I don’t think anyone promotes tables sugar as a health food. For one thing, it is devoid of that fiber that is so important as discussed in the article on this page. At the same time, sugar is not quite the devil that people make it out to be either. A doctor named Kempner used a white rice, fruit juice and sugar diet to reverse eye sight loss caused by diabetes at a time when no thought such a thing was possible. My point is: It’s important to have some perspective on the issue of sugar.

      For your point about cholesterol being important – I couldn’t agree more. However, water is also important for humans to sustain life. And too much water can kill us. The fact that cholesterol is important is irrelevant to discussions about what happens when we have too much cholesterol in our systems.

    2. Paul Pinel, Please remember that our bodies make all the cholesterol we need. We get excess cholesterol from animal foods. There are many videos and articles on Dr G’s site discussing this.

      Also, Dr Esselstyn, who actually did the research on how to reverse heart disease, has an excellent video here: This describes and explains the role of cholesterol in the arteries and why it builds up, not just that it does build up, then what actually causes heart attacks, which is rarely just the narrowing of the arteries by cholesterol buildup.

      Back to cancer, the definitive research by T Colin Campbell (The China Study, Whole, and many videos on Youtube) at Cornell mostly, over 40 or 50 years shows that it is actually animal protein that stimulates cancer growth. He was able to demonstrate over and over, and many colleagues did as well, that cancer growth was stopped when animal protein was at 5%, and stimulated when it was at 20% of the diet. In between those figures he showed increasing cancer as animal protein percentage increased. He then verified that the same holds true for humans in his huge study in China, where populations eating little or no animal protein had little or no cancer, while those eating more animal protein had more cancer, depending on their level of animal protein consumption. He also demonstrated that protein from plants did not have this effect of stimulating cancer growth. Here is a great talk on that subject:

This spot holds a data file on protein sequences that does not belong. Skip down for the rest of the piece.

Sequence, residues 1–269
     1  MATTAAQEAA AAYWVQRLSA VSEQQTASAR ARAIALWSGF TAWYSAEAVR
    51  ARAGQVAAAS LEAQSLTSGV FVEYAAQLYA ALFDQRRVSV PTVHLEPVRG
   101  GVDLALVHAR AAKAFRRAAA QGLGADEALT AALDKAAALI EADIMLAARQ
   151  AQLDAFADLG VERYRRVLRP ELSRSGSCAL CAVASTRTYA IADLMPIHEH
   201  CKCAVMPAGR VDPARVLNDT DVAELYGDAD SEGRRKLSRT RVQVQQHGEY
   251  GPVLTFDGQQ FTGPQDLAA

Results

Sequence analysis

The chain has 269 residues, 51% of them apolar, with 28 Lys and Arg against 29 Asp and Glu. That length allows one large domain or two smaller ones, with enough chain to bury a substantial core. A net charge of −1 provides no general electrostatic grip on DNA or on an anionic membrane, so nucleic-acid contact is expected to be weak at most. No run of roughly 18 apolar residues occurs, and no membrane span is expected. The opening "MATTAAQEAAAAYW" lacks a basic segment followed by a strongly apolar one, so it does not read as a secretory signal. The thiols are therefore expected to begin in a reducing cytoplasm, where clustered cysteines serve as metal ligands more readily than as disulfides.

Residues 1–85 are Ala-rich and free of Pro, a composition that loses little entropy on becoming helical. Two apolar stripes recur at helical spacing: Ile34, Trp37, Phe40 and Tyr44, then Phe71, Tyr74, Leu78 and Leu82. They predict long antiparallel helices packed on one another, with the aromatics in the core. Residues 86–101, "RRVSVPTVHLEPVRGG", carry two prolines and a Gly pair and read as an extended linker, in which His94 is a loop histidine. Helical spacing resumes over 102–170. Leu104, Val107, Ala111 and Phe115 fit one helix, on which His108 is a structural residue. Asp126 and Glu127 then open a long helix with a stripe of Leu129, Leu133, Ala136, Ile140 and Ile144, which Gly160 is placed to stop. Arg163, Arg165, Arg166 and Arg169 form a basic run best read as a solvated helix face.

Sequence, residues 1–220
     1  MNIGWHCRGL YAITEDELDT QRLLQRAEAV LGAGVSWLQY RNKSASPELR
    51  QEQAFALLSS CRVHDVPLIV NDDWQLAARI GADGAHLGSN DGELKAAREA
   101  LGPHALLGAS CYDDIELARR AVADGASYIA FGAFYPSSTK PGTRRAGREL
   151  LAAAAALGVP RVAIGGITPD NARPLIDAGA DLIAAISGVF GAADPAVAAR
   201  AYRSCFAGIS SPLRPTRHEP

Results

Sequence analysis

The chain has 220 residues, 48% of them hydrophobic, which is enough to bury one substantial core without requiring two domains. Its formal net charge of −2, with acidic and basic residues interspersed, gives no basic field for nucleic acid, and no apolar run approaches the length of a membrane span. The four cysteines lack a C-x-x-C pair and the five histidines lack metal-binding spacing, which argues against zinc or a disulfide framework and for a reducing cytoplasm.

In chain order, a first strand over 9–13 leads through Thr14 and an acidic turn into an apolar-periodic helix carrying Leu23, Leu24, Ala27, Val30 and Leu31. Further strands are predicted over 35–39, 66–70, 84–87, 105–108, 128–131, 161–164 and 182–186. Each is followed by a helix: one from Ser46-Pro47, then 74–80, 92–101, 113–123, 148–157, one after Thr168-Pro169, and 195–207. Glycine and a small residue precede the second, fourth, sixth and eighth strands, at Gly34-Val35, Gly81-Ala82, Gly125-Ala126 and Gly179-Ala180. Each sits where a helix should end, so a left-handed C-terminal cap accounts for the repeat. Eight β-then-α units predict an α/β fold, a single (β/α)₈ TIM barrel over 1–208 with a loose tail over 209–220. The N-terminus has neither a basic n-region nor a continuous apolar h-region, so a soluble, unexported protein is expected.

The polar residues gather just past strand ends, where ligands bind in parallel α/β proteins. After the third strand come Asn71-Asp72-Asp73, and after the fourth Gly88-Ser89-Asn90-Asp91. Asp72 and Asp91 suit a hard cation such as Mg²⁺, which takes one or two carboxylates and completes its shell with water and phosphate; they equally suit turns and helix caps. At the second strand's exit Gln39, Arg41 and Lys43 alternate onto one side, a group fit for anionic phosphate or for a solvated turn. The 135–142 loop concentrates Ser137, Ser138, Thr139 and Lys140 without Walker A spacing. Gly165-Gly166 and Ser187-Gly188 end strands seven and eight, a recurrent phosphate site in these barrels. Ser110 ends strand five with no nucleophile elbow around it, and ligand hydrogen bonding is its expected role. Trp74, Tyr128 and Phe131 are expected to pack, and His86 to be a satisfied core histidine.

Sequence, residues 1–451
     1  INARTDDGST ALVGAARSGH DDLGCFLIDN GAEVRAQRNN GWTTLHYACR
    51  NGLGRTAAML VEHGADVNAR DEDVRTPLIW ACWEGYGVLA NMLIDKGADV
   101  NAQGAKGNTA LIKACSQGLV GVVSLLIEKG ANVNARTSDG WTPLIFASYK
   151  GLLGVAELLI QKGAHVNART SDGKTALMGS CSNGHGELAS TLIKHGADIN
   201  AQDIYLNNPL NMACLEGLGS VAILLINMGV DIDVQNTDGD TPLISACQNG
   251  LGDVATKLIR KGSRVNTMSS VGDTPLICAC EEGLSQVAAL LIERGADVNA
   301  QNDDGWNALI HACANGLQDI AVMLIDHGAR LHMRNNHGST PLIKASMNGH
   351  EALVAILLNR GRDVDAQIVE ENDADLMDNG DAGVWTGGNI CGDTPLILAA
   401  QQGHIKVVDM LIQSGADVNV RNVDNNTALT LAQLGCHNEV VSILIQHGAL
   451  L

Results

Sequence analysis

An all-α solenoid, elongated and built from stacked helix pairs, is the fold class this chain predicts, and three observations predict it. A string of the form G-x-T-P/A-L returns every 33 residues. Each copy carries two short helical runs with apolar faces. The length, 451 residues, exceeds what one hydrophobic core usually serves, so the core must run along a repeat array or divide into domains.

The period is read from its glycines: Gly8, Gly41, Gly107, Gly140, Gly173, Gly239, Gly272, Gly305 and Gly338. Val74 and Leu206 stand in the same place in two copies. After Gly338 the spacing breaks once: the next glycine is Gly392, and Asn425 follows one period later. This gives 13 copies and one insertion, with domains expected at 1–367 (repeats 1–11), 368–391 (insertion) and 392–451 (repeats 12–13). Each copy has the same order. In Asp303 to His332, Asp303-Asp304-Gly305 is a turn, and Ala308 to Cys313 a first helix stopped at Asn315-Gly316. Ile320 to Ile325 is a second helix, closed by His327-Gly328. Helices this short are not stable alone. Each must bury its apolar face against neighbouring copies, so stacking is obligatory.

Most Americans have been brainwashed by industrial meat, egg, and milk producers (really, you can’t call them farmers) to believe that animal protein is superior, but honest research, not paid for by those folks, shows otherwise. Colin Campbell also talks about how damaging it is to consume too much protein, which, again, few Americans are aware of, yet most participate in.

      The sweet spot for protein consumption seems to be between 6-12% of the diet, which is easily achieved by simply eating a wide variety of plant foods, including beans, whole grains, veggies, fruits, and a few nuts and seeds. I think we’d all agree that breast milk is the best food for human babies while they are growing their fastest, and the percentage of protein in it is only 0.8-0.9%.

    3. I too am 72 years old, have been a veggie for over 30 years. I am obese (overweight by 70 lbs). There is no added sugar in my diet, I eat pulses every day, salad every day, 300g fruit + porridge + flax for breakfast. I can walk for an hour. That is me, so could anyone explain why I am so fat?? It’s a bit rhetorical, because I guess it’s the beer I drink!? (6l per week). To lose any weight at all I need to diet strictly, even with my healthy way of eating, (‘sans’ beer).